It was apparent to me at the time that the orthopaedic program here had a lot of strengths. Ottawa is big enough that we see a huge range of pathology — traumatic injuries, joint reconstruction, oncology, spinal issues, pediatric cases. For someone looking to have a well-rounded residency training, Ottawa covers all those bases. I’m grateful to now be able to contribute to the residency program that trained me.

"Trauma care is really a team sport, and a well-functioning team is critical. We have a particularly strong group of trauma specialists."

Dr. Geoffrey Wilkin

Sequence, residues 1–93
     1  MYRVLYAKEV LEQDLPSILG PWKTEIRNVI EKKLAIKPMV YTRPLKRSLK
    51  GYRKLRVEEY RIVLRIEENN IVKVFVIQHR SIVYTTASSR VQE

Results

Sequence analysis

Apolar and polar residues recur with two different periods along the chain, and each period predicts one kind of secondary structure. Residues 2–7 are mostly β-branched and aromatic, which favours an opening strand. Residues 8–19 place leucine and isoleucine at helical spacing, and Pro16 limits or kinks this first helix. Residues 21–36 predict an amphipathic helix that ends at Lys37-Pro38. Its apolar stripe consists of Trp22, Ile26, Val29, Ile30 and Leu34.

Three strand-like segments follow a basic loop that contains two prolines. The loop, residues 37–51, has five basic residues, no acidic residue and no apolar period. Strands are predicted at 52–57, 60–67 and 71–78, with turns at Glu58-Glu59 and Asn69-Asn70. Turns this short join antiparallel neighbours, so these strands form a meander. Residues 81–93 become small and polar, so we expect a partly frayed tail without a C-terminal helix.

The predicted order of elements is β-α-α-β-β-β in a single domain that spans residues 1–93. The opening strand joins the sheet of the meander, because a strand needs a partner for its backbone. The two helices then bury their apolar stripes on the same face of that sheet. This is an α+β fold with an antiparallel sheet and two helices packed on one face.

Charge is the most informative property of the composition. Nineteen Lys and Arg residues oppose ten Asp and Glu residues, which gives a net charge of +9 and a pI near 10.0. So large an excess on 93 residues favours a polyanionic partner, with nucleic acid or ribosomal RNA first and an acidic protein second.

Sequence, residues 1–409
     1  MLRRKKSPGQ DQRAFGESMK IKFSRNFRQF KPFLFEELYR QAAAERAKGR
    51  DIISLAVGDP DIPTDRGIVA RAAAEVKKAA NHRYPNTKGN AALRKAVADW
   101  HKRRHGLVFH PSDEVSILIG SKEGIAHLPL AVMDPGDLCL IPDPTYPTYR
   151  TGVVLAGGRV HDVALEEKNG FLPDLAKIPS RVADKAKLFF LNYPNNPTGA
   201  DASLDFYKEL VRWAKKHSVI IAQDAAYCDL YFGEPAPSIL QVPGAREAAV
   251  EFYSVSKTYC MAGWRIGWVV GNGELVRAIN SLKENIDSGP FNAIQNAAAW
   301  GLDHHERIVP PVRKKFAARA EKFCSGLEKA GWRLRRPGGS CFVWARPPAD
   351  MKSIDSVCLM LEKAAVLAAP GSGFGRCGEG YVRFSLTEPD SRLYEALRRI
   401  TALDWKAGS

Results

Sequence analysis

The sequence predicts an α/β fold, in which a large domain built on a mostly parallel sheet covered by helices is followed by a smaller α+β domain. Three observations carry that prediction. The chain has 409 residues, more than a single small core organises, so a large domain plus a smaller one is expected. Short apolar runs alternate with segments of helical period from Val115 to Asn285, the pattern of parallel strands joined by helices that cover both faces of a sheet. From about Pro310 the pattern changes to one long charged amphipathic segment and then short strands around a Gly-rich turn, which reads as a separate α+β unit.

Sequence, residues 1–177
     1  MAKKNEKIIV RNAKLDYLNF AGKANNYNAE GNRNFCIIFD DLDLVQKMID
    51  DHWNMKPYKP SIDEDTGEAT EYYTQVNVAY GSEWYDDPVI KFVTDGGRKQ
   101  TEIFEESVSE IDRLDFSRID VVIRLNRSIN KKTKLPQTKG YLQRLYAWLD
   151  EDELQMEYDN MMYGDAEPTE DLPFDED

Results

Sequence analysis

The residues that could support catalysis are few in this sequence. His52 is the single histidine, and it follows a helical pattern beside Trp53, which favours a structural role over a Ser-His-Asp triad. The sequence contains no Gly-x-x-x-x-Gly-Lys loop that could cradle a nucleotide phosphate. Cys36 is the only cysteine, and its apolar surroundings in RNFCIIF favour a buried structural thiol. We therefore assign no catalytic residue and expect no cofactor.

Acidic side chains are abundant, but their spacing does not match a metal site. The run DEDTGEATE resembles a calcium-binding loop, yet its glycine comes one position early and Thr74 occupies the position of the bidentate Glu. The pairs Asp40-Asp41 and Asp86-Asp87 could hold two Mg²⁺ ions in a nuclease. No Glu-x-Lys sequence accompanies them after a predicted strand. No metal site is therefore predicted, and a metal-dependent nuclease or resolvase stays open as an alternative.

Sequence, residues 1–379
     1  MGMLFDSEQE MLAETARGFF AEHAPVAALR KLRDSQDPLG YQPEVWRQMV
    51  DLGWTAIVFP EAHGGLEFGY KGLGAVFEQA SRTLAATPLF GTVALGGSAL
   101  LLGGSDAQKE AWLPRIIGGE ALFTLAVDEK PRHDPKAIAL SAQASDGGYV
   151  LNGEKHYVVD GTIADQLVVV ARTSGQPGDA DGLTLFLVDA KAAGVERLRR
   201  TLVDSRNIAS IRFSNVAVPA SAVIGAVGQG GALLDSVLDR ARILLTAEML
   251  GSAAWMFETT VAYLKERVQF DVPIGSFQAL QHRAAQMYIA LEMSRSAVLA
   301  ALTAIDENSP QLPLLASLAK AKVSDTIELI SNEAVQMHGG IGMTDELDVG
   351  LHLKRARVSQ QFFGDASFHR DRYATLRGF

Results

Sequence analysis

After my fellowship training in New York City, I had the opportunity to stay and work there but chose to come back to Ottawa, because I thought it would be a great fit for my career and my family. As the only trauma centre serving the National Capital region, eastern Ontario, and Nunavut, I knew there would be no shortage of challenging injuries I could help treat, and this would translate into a rewarding and fulfilling clinical practice. Also, our division had recently established a research chair in regenerative orthopaedic surgery, which I knew would provide great collaborative research opportunities to improve our treatment of challenging fracture-related issues.